An “artificial pancreas” that constantly monitors glucose levels to ensure timely delivery of insulin is more effective at managing type 1 diabetes than a traditional insulin pump, new Canadian research has found.

Researchers at the Institut de Recherches Cliniques de Montreal say their dual-hormone artificial pancreas improved glucose levels and lowered the risk of hypoglycemia in 15 patients with type 1 diabetes.

Their study found that glucose control had improved by 15 per cent over the study period, while an eight-fold reduction in the risk of hypoglycemia was also noted.

Type 1 diabetes is a chronic disease that occurs when the body does not produce enough insulin, which leads to dangerously high blood glucose levels.

Keeping blood glucose, or blood sugar, levels in check with insulin injections or a pump is key to preventing long-term complications associated with high blood glucose, such as blindness or kidney failure. Treatment also helps prevent against hypoglycemia, when a patient’s blood glucose is so low that it can cause him or her to become confused or disoriented, or even lose consciousness.

“We have hope to be close to the improvement of treatment (less high blood glucose and less low), which would be a tremendous improvement in patients’ lives,” Dr. Remi Rabasa-Lhoret, director of the obesity, metabolism and diabetes research clinic at the IRCM, told CTV News. “And less complications, which is very exciting for doctors and patients.”

The researchers said the artificial pancreas system is based on an intelligent algorithm, which constantly monitors the patient’s changing glucose levels to recalculate the required dose of insulin.

While many diabetes patients already use a conventional insulin pump to control their disease, they are required to regularly check the pump’s sensor themselves and then adjust the pump accordingly.

Researchers liken the algorithm to a car’s GPS system, which constantly recalculates directions according to the car’s movements.

“Approximately two-thirds of patients don’t achieve their target range with current treatments,” Rabasa-Lhoret explained in a statement.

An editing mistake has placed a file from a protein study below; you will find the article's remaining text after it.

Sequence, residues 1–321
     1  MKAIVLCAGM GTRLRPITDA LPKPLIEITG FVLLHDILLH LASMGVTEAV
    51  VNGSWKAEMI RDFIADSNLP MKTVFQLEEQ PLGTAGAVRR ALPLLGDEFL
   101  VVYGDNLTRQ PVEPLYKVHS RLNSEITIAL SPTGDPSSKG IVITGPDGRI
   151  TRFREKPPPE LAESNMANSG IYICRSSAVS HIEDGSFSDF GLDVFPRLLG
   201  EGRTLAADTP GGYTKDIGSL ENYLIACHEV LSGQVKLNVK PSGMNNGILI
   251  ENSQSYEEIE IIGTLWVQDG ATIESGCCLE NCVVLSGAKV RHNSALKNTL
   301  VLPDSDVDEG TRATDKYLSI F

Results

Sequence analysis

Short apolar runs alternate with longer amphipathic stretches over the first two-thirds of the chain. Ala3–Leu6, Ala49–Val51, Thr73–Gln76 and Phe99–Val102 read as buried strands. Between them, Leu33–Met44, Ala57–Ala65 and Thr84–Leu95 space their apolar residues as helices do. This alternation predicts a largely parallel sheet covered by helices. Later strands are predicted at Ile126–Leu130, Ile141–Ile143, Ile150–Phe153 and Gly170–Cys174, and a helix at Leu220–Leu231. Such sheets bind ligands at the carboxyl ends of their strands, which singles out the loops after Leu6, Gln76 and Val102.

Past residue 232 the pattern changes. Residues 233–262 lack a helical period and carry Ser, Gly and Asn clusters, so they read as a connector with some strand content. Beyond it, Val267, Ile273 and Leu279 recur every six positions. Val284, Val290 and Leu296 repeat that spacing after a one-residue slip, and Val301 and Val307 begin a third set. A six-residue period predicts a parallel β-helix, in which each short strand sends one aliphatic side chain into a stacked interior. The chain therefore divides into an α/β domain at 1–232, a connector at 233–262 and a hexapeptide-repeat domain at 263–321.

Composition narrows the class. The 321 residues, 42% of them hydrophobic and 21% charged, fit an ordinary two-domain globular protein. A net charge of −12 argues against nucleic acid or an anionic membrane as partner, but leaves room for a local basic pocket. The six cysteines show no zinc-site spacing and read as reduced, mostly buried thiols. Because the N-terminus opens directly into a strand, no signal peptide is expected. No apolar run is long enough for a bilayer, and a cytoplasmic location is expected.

“The artificial pancreas could help them reach these targets and reduce the risk of hypoglycemia, which is feared by most patients and remains the most common adverse effect of insulin therapy.” 

The researchers note that the system can also deliver glucagon, which can raise glucose levels when they are too low.

For the current research, patients were admitted to the IRCM’s research facility for two 15-hour visits: one in which they received the standard pump therapy and the other in which they were treated by the dual-hormone artificial pancreas. Researchers monitored their blood glucose levels as they exercised on a stationary bike, ate an evening meal and a bedtime snack, and as they slept.

Patient Evelyne Pytka is one of the more than nine million Canadians the Canadian Diabetes Association estimates has diabetes or prediabetes.

She was diagnosed with type 1 diabetes at age 31, and her life quickly became about consistent meals, testing her blood several times a day and injecting insulin.

She tested the artificial pancreas overnight as part of the study, and found it liberating to be able to go hours without checking her blood.

The artificial pancreas allowed her to sit down at dinner and “for the first time in 25 years, I didn’t have to test my blood sugar, I didn’t have to calculate my food. I could just eat. And I had forgotten what that was like.”

The findings are published in the Canadian Medical Association Journal.

Rabasa-Lhoret said that researchers are hoping to conduct clinical trials that test the system for a longer period of time and across a broad age group.

Rabasa-Lhoret said he has a waiting list for patients who wish to participate in the study.